I think that, while it’s not possible to draw hard, exclusive lines here, progressive sensibilities evince a gravitational pull toward utilitarianism and conservative instincts gravitate toward deontology. (Both sides can care about virtue, and for both, I’ll conjecture, it will be connected to the larger frameworks I’m talking about in this post.)
I’m not saying there are no people on the left who care about moral rules; clearly, many do. But it is possible to be a perfectly legitimate leftist who thinks all moral rules can be justifiably trampled in the quest for utopia.
The leftist wants good things for all, with the smallest number possible excluded (preferably none at all), and to have the benefits as widely distributed as possible without an advantaged, hoarding class taking too much of what could be shared.
Some people on the right sincerely work toward a similar future, but it is possible to be a genuine conservative who doesn’t particularly care about child labourers, or slavery, or needless deaths or disability, etc., so long as the superior people at least (whether that’s the capitalists or the warriors or the philosophers etc) are doing the things they are obligated to do.
Often you’ll hear people on the right arguing against the left as if they were utilitarians: “Well actually though, if you really did care about all those people doing well, then you should be focused on economic liberty / law and order / entrepreneurial spirit / virtue / etc., and I can prove it.” But in that case, the blessings that stretch out to fill the ends of the earth are the effect of doing the right things, and therefore are the proof of their rightness. The greatest good of the greatest number isn’t the goal, it’s, at best, one of the byproducts of working at the correct goal.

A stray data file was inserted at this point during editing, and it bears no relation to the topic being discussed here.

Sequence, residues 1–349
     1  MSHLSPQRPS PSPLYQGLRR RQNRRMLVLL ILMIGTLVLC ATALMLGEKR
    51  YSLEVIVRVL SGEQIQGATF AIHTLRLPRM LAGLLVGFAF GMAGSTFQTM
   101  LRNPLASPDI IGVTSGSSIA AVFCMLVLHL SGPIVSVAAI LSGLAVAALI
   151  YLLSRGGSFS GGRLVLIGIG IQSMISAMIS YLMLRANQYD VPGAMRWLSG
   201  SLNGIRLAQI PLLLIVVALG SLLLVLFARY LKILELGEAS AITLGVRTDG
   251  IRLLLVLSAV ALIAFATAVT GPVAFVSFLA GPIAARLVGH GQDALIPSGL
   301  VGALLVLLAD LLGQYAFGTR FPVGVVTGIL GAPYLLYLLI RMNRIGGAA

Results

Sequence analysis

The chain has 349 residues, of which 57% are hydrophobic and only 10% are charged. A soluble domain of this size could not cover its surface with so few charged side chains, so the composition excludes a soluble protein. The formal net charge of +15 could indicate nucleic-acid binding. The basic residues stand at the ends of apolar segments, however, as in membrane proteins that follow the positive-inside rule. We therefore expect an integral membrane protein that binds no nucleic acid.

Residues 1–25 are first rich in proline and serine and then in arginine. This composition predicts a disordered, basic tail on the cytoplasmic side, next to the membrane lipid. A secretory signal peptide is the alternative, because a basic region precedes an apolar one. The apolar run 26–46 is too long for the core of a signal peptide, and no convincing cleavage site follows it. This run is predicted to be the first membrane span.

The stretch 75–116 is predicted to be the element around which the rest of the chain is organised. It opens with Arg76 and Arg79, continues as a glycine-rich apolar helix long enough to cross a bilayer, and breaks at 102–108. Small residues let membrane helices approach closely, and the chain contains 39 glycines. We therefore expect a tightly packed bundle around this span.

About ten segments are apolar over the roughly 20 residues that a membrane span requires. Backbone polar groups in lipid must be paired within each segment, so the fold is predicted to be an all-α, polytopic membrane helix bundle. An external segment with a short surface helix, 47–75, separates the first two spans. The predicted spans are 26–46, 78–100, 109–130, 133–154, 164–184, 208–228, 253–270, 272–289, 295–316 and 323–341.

One of the biggest differences between right and left, in theory, tends to be the attitude toward hierarchy. The left wants to flatten the hierarchy out as much as possible, and the right is at least indifferent (or often enthusiastic) about one hierarchy or another rising up within a population. There are a few different ways we could relate that difference to the two moral approaches I outlined above, and I’m not sure which one is the main reason, but I definitely think they are related.
How do you adjudicate between the two sides, as if we had a neutral moral standard to use? And, if you wished to fuse the two into a single whole, as is my first impulse, we are left with the question of which one will be the graft and which will be the host. Difficult conundrums.